What is GHB? "Date rape" drug garners attention following Mischa Barton's hospitalization

What is GHB? "Date rape" drug garners attention following Mischa Barton's hospitalization

Mischa Barton, who starred as Marissa Cooper on popular teen drama The O.C., says she was hospitalized after being drugged with GHB while celebrating her birthday. 

Following her release from Cedars-Sinai Medical Center in Los Angeles, Barton issued a statement to People detailing her experience:

On the evening of the 25th, I went out with a group of friends to celebrate my birthday. While having drinks, I realized that something was not right as my behavior was becoming erratic and continued to intensify over the next several hours.
 
I voluntarily went to get professional help, and I was informed by their staff that I had been given GHB. After an overnight stay, I am home and doing well. I would like to extend a big thanks of gratitude to the professionals at Cedars-Sinai for their great care and professionalism. This is a lesson to all young women out there, be aware of your surroundings.What is the "date rape" drug?

GHB, which stands for gamma hydroxybutyric acid, is a depressant that is commonly dissolved in alcoholic beverages. GHB has become known as a "date rape" drug due to its ability to render people unconscious.

Also known as Easy Lay, G, Georgia Home Boy, Goop, Grievous Bodily Harm, Liquid Ecstasy, Liquid X and Scoop, the drug is typically sold as a liquid or white powder. Odorless and slightly salty, GHB won't change the flavor, scent or color of the beverage but can leave victims vulnerable to sexual assault.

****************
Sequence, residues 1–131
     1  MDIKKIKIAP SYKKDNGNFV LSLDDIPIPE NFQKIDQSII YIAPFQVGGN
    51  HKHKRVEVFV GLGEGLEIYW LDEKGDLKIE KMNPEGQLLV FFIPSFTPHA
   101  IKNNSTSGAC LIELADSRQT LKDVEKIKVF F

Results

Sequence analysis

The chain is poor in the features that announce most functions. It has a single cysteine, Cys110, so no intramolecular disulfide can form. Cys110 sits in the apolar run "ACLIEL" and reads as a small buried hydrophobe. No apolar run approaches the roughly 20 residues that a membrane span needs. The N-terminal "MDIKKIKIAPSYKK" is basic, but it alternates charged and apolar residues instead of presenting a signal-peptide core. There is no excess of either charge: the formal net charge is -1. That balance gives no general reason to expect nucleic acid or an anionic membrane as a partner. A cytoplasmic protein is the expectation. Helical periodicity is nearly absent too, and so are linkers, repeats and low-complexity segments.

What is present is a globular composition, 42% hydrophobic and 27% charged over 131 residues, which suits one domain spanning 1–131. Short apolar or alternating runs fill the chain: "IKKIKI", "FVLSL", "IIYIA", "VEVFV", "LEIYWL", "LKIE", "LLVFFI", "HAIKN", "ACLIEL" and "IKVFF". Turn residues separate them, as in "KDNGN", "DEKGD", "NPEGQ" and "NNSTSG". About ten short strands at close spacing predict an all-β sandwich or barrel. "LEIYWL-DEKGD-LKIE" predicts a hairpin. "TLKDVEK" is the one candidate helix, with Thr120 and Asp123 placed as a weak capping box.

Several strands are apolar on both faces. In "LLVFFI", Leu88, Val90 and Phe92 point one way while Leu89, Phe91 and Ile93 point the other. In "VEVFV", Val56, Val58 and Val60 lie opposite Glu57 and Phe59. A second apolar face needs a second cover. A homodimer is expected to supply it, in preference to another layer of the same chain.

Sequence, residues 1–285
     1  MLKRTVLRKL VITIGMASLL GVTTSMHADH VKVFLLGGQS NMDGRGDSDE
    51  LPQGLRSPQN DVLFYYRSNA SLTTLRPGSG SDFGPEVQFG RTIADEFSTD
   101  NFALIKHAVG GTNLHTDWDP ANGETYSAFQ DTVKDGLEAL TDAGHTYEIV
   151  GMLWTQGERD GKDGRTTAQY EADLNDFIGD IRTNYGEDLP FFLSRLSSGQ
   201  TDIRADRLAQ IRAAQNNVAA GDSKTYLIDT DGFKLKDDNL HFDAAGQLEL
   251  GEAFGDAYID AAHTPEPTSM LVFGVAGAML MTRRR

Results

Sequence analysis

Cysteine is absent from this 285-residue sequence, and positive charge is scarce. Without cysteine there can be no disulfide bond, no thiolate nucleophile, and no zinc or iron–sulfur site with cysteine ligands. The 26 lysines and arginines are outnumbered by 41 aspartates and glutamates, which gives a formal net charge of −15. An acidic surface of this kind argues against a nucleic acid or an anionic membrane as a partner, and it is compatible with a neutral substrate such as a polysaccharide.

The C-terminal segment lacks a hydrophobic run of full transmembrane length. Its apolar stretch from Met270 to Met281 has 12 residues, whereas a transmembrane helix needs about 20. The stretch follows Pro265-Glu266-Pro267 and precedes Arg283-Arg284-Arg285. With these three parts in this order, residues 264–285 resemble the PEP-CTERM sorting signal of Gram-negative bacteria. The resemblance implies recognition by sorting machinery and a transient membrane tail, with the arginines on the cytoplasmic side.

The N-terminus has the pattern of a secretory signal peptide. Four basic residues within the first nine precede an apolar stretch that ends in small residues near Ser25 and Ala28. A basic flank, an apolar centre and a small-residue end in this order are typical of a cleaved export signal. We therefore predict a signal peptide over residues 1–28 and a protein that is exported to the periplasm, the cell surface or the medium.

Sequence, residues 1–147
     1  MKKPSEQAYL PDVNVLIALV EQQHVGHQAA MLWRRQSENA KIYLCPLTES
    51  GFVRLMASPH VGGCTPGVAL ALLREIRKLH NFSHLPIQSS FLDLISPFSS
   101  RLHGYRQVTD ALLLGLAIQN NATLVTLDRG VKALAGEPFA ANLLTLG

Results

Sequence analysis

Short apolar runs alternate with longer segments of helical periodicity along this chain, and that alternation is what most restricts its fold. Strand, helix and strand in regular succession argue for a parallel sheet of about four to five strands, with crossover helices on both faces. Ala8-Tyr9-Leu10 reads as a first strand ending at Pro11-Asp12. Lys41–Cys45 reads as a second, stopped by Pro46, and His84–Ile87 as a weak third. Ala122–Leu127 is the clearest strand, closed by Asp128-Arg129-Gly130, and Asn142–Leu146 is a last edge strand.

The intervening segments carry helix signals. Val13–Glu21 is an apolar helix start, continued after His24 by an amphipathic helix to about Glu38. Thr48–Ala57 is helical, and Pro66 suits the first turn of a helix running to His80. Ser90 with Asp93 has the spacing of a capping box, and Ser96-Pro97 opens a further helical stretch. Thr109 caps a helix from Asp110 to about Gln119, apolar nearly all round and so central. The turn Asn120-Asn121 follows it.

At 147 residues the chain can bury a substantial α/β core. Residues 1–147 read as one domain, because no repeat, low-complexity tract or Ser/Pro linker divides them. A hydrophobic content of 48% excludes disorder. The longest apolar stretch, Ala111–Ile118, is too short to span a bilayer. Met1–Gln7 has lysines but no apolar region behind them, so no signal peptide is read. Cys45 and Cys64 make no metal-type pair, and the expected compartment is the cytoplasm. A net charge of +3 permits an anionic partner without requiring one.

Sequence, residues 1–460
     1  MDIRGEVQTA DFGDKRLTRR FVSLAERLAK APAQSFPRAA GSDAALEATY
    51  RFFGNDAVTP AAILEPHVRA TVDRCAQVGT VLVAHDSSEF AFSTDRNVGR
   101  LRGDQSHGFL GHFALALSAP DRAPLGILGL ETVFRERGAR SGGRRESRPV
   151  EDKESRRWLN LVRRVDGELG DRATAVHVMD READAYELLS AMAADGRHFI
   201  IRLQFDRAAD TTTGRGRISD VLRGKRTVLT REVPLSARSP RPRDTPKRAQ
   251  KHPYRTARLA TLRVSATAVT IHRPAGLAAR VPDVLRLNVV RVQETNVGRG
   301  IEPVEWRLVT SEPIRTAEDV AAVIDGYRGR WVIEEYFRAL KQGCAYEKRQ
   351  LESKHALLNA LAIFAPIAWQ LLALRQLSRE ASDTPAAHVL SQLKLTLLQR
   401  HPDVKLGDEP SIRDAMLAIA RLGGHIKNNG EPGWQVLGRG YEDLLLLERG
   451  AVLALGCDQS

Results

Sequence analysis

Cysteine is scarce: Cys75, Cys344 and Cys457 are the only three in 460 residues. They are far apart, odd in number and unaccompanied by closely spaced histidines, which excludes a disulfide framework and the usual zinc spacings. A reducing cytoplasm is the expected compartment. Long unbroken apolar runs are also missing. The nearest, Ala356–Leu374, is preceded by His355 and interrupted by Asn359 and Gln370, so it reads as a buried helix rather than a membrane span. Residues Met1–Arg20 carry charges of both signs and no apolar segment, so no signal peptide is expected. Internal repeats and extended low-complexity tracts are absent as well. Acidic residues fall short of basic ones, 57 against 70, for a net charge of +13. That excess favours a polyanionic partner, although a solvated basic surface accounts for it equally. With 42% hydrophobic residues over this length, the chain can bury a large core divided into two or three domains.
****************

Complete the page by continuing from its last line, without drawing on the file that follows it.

Barton is not the first actress to share her experience of accidentally consuming GHB. Rebel Wilson posted on Twitter about a similar ordeal at a "trendy club." 

GHB's effects 

Low doses of GHB can cause nausea; larger quantities can induce dizziness, blurred vision, memory loss and loss of control over the user's bladder and bowels. Consuming too much or combining GHB with alcohol can cause people to lose consciousness and can even result in death. 

There is currently no antidote available for GHB intoxication, according to SELF. It can leave a user's blood and urine within a few hours of being ingested, which makes proving assault difficult for victims. 

Rise in recreational use 

In addition to its role in committing sexual assault, recreational GHB use has increased due to its popularity in "chemsex" circles. Users claim it has the euphoric effects of alcohol without a hangover, heightening sexual arousal and lowering inhibition. 

Along with becoming increasingly popular, GHB is increasingly dangerous. According to the Daily Beast, 16,000 people have overdosed on GHB since 1990; 70 have died. In London, deaths related to GHB rose by 119% between 2014 and 2015.